Technology giant IBM Corp. and Japanese electronics maker Hitachi Ltd. have decided to combine their hard disk businesses into a single company.
Terms of the deal were not disclosed, but Hitachi is expected to have a 70 percent stake in the joint venture.
The two companies also agreed to collaborate on developing open data-storage systems in the competitive storage market. They have not chosen a name for the combined company.
The joint venture will be based in San Jose, Calif., where IBM's disk development and engineering offices are located. Both companies will contribute executives and employees.
IBM counts some 15,000 employees in its hard drive business, at plants in Singapore, Thailand Japan, Hungary, Germany, Mexico and Hungary. The company has not determined whether all employees will move to new venture.
The deal is subject to regulatory approval in the United States.
If approved, the new company would combine Hitachi and IBM's disk drive divisions, including employees, plants and intellectual property. Both companies plan on purchasing a large portion of their hard drive supplies from the joint venture.
IBM spokeswoman Laura Keeton said employees at both companies had been notified, but the deal had not been closed.
Keeton did not know if the deal would need regulatory approval in Japan.
IBM's hard disk business is a division of the company's troubled Technology Group, the sector identified by chief financial officer John Joyce as one of the prime reasons that IBM issued a rare earnings warning on Monday.
Nick Donofrio, IBM's senior vice president of technology and manufacturing, said the venture was aimed at cutting costs through large-volume production.
"Size is the answer," Donofrio said. "We've got the technology and the people. We've got to get an economy of scale. Merging these businesses will give us the size we're looking for."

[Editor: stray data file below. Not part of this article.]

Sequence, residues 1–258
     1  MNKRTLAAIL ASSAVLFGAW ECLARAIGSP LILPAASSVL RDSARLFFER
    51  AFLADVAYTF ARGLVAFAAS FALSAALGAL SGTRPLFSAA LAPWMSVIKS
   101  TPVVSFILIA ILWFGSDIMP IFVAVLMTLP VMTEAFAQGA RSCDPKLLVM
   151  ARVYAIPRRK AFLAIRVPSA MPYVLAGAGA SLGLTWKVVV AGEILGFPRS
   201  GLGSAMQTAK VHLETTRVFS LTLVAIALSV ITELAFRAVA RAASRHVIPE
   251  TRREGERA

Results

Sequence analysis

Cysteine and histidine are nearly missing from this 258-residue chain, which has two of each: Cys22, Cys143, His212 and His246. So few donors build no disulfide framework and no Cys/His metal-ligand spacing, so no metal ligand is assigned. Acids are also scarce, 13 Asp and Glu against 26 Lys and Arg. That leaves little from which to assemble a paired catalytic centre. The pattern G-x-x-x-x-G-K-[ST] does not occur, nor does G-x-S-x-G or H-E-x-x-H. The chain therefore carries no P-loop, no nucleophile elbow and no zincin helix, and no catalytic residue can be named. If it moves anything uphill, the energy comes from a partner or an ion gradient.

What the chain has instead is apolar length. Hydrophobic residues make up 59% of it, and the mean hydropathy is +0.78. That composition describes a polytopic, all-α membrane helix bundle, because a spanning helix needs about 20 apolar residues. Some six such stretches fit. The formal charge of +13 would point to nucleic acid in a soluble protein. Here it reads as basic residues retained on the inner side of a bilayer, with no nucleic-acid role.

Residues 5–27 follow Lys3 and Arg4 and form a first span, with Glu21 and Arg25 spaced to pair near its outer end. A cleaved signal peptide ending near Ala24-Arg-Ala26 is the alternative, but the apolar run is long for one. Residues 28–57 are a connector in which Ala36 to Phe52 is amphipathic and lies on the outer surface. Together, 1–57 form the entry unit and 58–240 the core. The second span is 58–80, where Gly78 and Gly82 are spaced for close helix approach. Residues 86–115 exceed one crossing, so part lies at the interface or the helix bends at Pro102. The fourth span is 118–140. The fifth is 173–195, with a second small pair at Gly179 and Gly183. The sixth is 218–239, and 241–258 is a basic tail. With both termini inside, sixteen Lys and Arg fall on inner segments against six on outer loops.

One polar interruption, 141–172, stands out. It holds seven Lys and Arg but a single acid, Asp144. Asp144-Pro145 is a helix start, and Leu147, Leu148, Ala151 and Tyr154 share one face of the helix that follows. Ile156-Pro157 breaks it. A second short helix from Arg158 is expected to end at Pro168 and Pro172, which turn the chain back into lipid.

Hitachi said its annual revenue in the hard disk drive business was still relatively small at about $760 million.
Annual revenue of the new joint venture with IBM is expected to total about $3.8 billion to $4.6 billion, officials said at a news conference at Tokyo hotel.
Hitachi President Etsuhiko Shoyama said his company was aiming for the No. 1 spot in the world in the storage business through its alliance with IBM.
"This alliance was formed because we want to be winners in this area," he told reporters. "Hitachi believes it's not worth pursuing this business unless we can be No. 1."
When asked whether IBM was planning to pull out of the hardware business, IBM Group Manager of Storage Production Division Walter Raizner denied that IBM's strategy had changed.
"We are still a technology company," he said. "The base technology is very important."
IBM said it expects to earn 66 cents to 70 cents a share for the quarter that ended March 31, below the 85 cents a share expected by analysts surveyed by Thomson Financial/First Call.
IBM earned 98 cents per share in the first quarter of 2001.
Joyce said he expected the Technology Group, which currently makes semiconductors and storage drives sold to computer makers, will lose $200 million in the first quarter, amid revenue declines of around 35 percent.
IBM is scheduled to report its earnings for the first quarter of 2002 at 4 p.m. EST Wednesday.
Analysts have suggested IBM's financial problems extend beyond the company's technology division.
Keeton said the company's announcement of the joint venture after the markets closed Tuesday was not tied to its impending Wednesday earnings report.
Shares of IBM were up 85 cents to close at $86.20 on the New York Stock Exchange, and gained another 5 cents in extended trading.
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